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Romeo And Juliet

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Romeo and Juliet Explore the ways in which Shakespeare makes Act 1, Scene 5 of "Romeo and Juliet" dramatically effective. In act 1 scene 5, Shakespeare makes this part of his famous play very effective and is made dramatic in many ways. The key part is that most or even all of the characters have an important and valid part to play within this scene. This indicates that it is a significant moment in the play. Right from the very start there is contrast from the scene before. This is already very dramatically effective as in the scene before Romeo has a premonition that something fatal is going to happen and there will be 'some vile forfeit of untimely death'. This is effective as it gives the audience an idea that something bad is waiting to happen. In this scene Shakespeare also includes the enemy of the Capulets', a Montague on Capulet territory isn't something the audience are familiar with, as an enemy wouldn't enter another enemies home alone. This creates suspense and a tense atmosphere throughout the scene. ...read more.


What, Goodman boy, I say he shall, go to! Am I the master here, or you? Go to! You'll not endure him? God shall mend my soul, You'll make a mutiny among my guests! This part of the scene is dramatic as Shakespeare makes the character of Capulet come across as strong, honourable and wise, which Is also backed up from the beginning of the play where he comes across as an exciting, welcoming and high spirited person, as he jokes around with the guests. Shakespeare makes the scene suspicious when Romeo asks whom Juliet is, when he first sets eyes on her, to which the servant claims he does not know. It seems odd that a Capulet servant couldn't identify Juliet. Romeo is already in love with her after seeing her for the first time. "O she doth teach the torches to burn bright!" This is meant that her beauty is brighter than the blaze of any torch and that her presence makes the whole room light up. This is a very dramatic part of the scene as it is the first time that Romeo meets Juliet. ...read more.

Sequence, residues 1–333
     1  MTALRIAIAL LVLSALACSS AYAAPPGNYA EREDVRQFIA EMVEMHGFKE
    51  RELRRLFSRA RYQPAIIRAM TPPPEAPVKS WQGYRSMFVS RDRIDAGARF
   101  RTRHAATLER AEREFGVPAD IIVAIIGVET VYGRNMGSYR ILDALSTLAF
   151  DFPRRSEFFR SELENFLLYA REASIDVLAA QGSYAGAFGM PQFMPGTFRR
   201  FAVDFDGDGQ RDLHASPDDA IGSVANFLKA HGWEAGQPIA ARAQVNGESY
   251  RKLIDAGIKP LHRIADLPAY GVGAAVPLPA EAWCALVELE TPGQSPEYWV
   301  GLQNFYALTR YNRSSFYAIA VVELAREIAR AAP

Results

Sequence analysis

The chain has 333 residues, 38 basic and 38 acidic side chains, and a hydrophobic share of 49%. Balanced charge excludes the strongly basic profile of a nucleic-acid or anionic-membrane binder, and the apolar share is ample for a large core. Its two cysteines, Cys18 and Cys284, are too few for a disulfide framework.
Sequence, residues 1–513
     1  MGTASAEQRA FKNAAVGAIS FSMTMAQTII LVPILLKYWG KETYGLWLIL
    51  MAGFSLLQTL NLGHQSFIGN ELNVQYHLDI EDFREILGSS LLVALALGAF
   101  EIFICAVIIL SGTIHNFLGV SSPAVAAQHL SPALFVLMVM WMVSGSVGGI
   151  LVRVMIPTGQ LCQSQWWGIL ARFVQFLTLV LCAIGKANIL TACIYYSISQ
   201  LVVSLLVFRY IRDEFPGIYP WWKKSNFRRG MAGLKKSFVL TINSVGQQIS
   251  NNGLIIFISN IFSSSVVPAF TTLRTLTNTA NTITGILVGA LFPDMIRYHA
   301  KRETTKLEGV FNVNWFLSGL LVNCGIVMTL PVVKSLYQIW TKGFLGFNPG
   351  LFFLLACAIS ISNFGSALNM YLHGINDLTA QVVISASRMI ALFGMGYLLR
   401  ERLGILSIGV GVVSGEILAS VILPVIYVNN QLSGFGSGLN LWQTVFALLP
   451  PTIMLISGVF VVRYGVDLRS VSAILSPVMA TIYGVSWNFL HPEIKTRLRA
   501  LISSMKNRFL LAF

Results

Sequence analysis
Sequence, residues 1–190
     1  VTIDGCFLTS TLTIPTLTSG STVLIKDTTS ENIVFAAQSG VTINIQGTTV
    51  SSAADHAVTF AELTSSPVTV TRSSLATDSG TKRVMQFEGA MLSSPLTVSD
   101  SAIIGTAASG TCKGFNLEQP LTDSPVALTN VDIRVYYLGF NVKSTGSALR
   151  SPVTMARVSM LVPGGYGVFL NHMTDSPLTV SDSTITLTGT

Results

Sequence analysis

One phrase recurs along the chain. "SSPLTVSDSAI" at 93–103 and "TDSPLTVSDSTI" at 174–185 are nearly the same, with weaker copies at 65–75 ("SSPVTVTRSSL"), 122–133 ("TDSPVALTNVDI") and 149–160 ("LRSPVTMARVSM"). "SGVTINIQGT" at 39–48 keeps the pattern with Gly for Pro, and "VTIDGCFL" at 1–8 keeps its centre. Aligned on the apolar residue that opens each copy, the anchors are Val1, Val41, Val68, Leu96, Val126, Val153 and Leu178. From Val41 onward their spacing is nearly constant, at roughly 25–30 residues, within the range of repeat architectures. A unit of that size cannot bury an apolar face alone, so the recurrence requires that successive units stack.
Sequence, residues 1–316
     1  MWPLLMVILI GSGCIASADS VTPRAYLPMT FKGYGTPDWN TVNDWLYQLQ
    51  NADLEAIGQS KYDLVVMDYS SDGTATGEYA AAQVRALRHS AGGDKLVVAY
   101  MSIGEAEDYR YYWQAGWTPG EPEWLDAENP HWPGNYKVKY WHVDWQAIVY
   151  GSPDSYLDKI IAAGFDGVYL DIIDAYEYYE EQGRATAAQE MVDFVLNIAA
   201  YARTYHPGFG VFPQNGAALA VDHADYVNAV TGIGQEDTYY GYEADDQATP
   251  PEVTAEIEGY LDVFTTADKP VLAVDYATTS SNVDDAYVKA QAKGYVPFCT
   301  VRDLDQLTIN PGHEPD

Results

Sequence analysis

It is effective as it shows their emotion for each other. Shakespeare makes this part of the scene very dramatically effective when Juliet says: "My grave is likely to be my wedding bed." This is for shadowing the scene coming up but the audience don't know this until they read on. The character of the nurse plays a very important part in the play. It reflects the Character of 'Lady Capulet' as in the past mother's were not very protective and did not care for their children as much. A nurse would be set to take care of them. This reveals the historical background of Shakespeare time. The nurse is a dramatic key character, as she knows more about Juliet than Lady Capulet. Tybalt is also a key character that makes the scene and play dramatic as he is the one that stirs up the trouble and creates a lot of the tension with his hatred and anger towards the Montague family. Shakespeare also uses alliteration such as 'Patience, perforce' to show Tybalt's anger and stubbornness. Tybalt is made dramatic in this scene, as he is also the cause of the tragedy. Shakespeare uses him as a minor character in the play but he has a massive impact on the play. Amy Mason ...read more.

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